'We had to get a result and we weren't good enough'
Scott Johnson, Scotland’s interim coach, found the funny side of taking credit for masterminding a victory with 29 per cent possession and 35 per cent territory.
The Australian referenced Muhammad Ali’s famous rope-a-dope defeat of George Foreman, mistaking him for Joe Frazier, in Kinshasa in 1974.
But it wasn’t an apt comparison. Scotland didn’t plan to win the game the way they did. They were handed victory and were decent enough to admit it.
“Today Ireland didn’t punish us and we showed great resolve to hang on in there,” said Johnson. “The scoreboard pressure can determine so many things.”
Donncha O’Callaghan and Rob Kearney struggled to fathom what had transpired and O’Callaghan concluded that Ireland had bottled it.
“We were the better team on the day,” said Kearney. “We created more try-scoring opportunities, they’re two facets of the game, possession-wise we had so much more than them and even used it better as well, we were the only team that looked like scoring tries . . .”
O’Callaghan was visibly devastated by this crushing defeat. The loss of so many key players and leaders was offered as a reason.
“Yeah, it’s an excuse if you want to use it but I’d be honest with you, from training with these lads you’d back them the whole time.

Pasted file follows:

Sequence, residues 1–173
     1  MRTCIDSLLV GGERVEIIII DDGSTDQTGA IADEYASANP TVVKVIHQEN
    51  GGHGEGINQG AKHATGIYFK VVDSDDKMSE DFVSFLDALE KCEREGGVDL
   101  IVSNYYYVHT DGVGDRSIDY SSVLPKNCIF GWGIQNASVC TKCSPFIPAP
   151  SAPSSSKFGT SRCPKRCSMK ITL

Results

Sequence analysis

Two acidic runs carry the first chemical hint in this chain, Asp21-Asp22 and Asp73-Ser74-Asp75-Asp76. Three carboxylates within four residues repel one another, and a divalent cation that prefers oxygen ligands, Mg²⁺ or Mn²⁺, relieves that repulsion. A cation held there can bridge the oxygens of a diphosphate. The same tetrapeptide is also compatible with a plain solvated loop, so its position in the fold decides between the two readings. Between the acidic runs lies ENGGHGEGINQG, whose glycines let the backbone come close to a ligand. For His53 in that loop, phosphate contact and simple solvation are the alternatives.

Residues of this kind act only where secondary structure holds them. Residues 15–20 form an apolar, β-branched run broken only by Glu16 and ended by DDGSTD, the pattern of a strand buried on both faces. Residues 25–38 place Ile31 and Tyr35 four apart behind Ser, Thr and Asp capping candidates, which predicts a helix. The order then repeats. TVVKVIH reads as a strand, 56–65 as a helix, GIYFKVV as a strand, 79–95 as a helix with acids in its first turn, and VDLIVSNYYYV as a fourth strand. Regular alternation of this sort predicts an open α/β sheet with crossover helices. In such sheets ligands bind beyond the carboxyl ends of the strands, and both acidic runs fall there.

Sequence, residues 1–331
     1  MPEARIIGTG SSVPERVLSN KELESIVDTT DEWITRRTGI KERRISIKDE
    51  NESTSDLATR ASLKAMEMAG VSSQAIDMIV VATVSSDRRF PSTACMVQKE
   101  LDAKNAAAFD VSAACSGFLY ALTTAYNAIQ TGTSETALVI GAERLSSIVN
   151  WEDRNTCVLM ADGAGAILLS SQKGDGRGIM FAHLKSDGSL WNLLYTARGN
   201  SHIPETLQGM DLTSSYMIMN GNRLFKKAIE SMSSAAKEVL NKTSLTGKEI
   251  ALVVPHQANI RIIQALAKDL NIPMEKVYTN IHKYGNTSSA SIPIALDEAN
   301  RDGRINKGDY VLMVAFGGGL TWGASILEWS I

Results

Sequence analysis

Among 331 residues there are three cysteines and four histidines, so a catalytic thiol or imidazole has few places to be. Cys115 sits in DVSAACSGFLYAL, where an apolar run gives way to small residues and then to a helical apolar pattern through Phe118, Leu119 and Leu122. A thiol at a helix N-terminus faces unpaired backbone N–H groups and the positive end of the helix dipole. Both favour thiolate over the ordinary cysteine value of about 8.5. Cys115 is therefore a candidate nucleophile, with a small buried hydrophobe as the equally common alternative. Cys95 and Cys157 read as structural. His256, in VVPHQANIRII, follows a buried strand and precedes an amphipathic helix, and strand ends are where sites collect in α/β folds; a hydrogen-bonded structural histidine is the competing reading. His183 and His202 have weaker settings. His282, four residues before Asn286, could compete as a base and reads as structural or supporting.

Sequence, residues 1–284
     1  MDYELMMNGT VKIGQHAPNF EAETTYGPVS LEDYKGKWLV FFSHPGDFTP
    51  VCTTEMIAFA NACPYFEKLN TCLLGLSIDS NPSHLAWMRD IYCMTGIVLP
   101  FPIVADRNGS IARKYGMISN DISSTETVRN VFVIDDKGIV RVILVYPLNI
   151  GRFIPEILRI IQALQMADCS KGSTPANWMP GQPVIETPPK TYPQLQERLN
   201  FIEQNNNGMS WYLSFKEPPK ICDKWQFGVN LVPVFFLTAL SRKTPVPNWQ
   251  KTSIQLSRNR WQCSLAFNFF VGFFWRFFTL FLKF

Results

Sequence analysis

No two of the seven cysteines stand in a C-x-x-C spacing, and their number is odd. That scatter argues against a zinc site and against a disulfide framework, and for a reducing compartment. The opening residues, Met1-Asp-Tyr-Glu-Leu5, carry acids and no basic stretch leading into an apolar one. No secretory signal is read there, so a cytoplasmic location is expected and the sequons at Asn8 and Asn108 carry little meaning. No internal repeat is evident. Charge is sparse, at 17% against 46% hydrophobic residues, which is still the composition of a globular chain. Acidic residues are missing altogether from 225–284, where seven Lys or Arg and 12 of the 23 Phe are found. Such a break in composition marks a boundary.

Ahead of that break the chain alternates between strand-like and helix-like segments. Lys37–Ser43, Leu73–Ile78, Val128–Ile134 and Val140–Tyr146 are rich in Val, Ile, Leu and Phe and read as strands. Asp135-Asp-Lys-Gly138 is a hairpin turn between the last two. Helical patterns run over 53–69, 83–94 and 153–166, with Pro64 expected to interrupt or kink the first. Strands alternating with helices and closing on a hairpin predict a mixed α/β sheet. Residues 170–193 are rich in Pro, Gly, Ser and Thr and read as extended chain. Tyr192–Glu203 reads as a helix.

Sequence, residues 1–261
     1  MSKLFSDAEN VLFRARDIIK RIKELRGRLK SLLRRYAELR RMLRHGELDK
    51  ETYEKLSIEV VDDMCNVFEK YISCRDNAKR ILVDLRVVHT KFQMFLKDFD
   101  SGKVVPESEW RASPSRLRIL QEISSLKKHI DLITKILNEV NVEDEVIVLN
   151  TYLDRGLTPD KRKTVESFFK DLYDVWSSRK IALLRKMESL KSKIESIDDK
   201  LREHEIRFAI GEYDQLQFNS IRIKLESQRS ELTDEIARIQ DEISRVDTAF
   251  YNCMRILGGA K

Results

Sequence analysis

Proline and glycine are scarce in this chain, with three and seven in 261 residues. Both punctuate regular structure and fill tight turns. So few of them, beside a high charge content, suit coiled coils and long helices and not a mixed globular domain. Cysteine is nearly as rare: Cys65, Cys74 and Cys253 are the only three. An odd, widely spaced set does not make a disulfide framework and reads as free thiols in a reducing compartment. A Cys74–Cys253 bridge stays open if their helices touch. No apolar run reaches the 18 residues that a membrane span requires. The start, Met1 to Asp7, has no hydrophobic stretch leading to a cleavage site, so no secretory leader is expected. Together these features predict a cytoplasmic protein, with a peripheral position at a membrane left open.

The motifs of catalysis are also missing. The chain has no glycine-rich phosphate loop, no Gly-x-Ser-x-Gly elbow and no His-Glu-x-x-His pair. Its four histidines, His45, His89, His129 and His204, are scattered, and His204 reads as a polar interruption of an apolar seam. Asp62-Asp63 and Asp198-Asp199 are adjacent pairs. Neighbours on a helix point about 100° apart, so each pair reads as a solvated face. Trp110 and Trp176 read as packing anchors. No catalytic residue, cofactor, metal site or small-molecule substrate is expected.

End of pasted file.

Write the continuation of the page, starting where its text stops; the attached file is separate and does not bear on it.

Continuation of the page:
“And that’s the worst thing, the worst feeling when you feel that you’ve come up short as a 15 and . .. it’s a horrible dressing-room at the moment. No one’s making eye contact, it’s just a terrible old feeling in there.”
O’Callaghan spoke about the absence of a ruthless streak after Craig Gilroy’s try made it 8-0 on 43 minutes.
“We felt like we were executing our game plan. It’s just, like I said, a killer instinct to get across the line and find a way.
“We’ll go back and look at the patterns we tried to play and you’d say they were executed correctly, but it’s doing that bit extra, isn’t it? So it’s a hard one to take. It’s a sickener.”
O’Callaghan sought to shoulder the responsibility for defeat, even though the temperature for the management team is now nearing boiling point.
“We’re a tight group. The biggest thing it will do is dent confidence. We need to get back. If ever we needed the Aviva we need it in the next few weeks but it’s a scarring result to carry with you for so long.”
And then he called it. Ireland blew it. “I’d love to give them more credit for the win, I really would but, and I don’t mean to take anything away from them, I think we bottled it. We had to get a result and we weren’t good enough . . . we had the winning of that game and weren’t good enough to take it which is really tough to take. It’s the worst period in sport.”
Kearney added: “Coaches are under pressure, players are under pressure, everyone has to bear the brunt of that; today was a game we should have won and we didn’t so questions have be asked.
“That’s the nature of the game, that’s how it goes but there are positives amidst all the glaze there at the end, there is a lot we can take from that. France too, they’re going to be a wounded animal as well.”